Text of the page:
The ups and downs of football management are like nothing else. Following an eight match unbeaten run, which saw my Spurs side rise to third in the Premier League, came a series of seven league matches without a win - my once free scoring team managed only two goals and three points and slipped to ninth. The pressure was beginning to pile up both from the board of directors and fans, injuries to top players hit the team badly and I was left wondering what to do next. The answer was simply to keep playing. Keep playing for another five hours. We were going through dark times, but nothing could keep me from micro-managing every aspect of the club.
Sports Interactive has been releasing a new edition of its hugely successful football management simulation for as long as I can remember, each year giving the legions of fans a bit more control and added realism in the day-to-day management of a football club. The big additions in this year's edition are a new 3D match engine, an increased role for the assistant manager, improved manager interaction with the press and what Sports Interactive states is a completely rebuilt transfer system. But more on those later. First back to my time at Spurs.
I took charge in the summer of 2008 and was given £27 million to spend to strengthen the squad. It's worth pointing out that although the game picks up before the start of the 2008/2009 season, all player transfers are up-to-date, meaning Spurs deserters Keane and Berbatov had packed their bags for Liverpool and Manchester respectively. Before I had the chance to dabble in the transfer market a press conference was called for the club to formally announce my role as manager.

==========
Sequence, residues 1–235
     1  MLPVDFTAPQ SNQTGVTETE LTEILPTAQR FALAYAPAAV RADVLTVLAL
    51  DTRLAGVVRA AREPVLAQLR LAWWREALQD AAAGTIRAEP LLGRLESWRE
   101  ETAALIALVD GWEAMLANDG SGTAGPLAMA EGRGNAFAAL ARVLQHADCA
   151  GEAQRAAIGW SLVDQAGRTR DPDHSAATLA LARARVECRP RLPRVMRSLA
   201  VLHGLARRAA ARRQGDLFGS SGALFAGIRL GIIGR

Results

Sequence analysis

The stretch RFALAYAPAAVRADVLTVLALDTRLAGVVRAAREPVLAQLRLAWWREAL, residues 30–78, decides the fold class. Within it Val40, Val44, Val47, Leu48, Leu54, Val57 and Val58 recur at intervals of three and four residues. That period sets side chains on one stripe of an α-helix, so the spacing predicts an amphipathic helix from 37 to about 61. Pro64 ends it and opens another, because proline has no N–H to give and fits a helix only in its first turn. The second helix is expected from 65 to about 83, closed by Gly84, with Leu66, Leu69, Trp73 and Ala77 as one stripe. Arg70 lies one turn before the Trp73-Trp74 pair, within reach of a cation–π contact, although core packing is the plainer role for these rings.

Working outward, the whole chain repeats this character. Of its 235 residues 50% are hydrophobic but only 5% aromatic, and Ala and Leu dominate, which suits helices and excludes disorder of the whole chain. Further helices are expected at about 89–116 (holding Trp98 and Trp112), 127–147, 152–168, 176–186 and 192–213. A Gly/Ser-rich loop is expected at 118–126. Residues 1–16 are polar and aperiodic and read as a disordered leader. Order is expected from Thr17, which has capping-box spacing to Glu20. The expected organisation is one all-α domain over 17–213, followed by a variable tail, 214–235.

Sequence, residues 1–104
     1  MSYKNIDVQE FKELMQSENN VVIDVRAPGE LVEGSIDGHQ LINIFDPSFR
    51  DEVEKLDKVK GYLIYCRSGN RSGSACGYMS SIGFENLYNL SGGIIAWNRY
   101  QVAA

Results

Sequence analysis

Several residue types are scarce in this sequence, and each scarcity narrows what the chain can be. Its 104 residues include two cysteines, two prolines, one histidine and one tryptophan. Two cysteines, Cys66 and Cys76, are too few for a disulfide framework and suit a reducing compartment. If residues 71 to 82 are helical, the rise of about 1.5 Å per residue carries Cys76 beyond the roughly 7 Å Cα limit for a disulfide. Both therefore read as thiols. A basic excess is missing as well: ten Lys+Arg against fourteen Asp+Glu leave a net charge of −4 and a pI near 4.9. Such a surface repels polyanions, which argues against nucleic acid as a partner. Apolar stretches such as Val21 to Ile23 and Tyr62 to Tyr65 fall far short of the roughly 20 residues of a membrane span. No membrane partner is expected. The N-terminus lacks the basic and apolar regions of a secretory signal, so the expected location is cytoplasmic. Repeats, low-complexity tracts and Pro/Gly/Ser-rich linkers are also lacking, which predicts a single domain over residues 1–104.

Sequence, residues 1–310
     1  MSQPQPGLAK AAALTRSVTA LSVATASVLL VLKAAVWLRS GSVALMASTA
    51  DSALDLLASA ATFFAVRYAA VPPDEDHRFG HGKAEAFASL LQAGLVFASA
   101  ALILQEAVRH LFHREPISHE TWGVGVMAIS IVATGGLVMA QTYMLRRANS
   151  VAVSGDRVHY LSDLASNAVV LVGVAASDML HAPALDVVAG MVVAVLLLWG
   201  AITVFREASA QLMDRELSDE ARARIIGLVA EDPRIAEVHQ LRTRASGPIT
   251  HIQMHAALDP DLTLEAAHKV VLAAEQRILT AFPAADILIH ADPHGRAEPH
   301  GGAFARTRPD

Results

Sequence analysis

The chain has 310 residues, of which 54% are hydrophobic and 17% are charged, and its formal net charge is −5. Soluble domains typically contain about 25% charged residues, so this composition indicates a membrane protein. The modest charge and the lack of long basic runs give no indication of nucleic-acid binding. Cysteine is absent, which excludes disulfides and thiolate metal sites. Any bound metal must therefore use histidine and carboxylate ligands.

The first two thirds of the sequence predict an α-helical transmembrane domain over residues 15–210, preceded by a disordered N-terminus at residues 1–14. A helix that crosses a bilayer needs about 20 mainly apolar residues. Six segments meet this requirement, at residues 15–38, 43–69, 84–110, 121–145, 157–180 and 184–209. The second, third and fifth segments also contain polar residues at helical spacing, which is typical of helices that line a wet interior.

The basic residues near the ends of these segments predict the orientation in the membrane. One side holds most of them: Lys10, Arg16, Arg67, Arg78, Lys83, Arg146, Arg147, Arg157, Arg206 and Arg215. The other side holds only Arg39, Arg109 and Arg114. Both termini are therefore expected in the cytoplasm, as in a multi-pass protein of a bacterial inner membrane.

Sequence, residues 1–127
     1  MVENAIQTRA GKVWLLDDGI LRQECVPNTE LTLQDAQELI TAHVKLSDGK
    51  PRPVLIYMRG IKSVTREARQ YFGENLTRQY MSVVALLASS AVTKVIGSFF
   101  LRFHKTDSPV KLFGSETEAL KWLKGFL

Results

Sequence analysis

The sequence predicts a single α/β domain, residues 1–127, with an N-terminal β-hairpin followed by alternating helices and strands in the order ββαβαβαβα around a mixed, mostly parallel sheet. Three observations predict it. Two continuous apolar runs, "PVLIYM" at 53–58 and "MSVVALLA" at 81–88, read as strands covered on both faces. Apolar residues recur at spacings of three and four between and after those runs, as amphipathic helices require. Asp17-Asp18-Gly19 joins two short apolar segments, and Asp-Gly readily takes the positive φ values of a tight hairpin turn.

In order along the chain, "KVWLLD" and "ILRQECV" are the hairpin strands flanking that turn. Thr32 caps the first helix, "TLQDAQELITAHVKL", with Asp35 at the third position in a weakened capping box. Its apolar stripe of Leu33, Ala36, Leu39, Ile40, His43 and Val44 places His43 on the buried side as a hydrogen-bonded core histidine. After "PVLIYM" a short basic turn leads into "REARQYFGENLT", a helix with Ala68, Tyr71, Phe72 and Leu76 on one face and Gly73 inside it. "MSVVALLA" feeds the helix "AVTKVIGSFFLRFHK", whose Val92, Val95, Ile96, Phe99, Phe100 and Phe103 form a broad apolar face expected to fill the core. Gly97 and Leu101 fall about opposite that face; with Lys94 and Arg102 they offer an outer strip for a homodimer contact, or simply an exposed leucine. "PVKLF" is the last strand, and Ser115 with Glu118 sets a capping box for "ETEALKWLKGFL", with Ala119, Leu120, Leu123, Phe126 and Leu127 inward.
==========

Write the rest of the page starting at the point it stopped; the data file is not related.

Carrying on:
Entirely text-based, the new press conference system gives players the ability to develop a stronger managerial character than in previous FM instalments. I wasn't about to turn my back on a rich history of attacking football so confidently claimed that under my leadership Spurs would play the kind of football to make even Arsenal fans stand up and applaud. I also made it clear that I had funds available to bring in a few new faces where I felt the current squad was particularly weak. The conference over, I was told that the players had responded well to my appointment.
Press conferences soon become a regular part of your life as manager, speaking to the press before and after each match. What you say can make a real difference too, with positive comments on the match to come or praise of a good performance likely to give your players a morale boost. However, I found that once the initial thrill of seeing my name in numerous press reports wore off, I had no interest in taking part in the further press conferences. Instead I handed all such duties over to Gus Poyet, my assistant manager.
It was then time to tinker with the transfer system. I'd identified a weakness in the middle of the park and also felt the team lacked the attacking flair once offered by the Berbatov and Keane partnership. My first signing came as a result of a rumour linking the club to Sampdoria's midfield General Angelo Palombo. The Italian hadn't even been on my radar, but further investigation and staff feedback led me to believe he was just the player to shore up my weak midfield. Such a highly regarded player wasn't going to come cheap though and after several rounds of negotiations I secured his services for £14 million. New signings that followed included AC Milan's Massimo Ambrosini for £6.75 million and youth striker Robert Lewandowski for £1 million from Lech.
With the best part of £24 million spent it left me very little to play with, but that didn't prevent me from making an offer for long-time Tottenham target Andrei Arshavin. Again, after much negotiation which saw Zenit's asking price drop from £22 million to £12 million (rising to £16 million on appearances) I managed to strike a deal and after some sweating over a work permit the Russian was mine. Well, he would have been had I remembered to raise some cash by shipping out the dead wood. I had to delay the transfer and frantically began faxing clubs with lists of players available to buy. After several weeks I'd managed to offload Jenas, O'hara, Zokora and Huddlestone raising £16 million. Arshavin was mine and my team looked like real title contenders.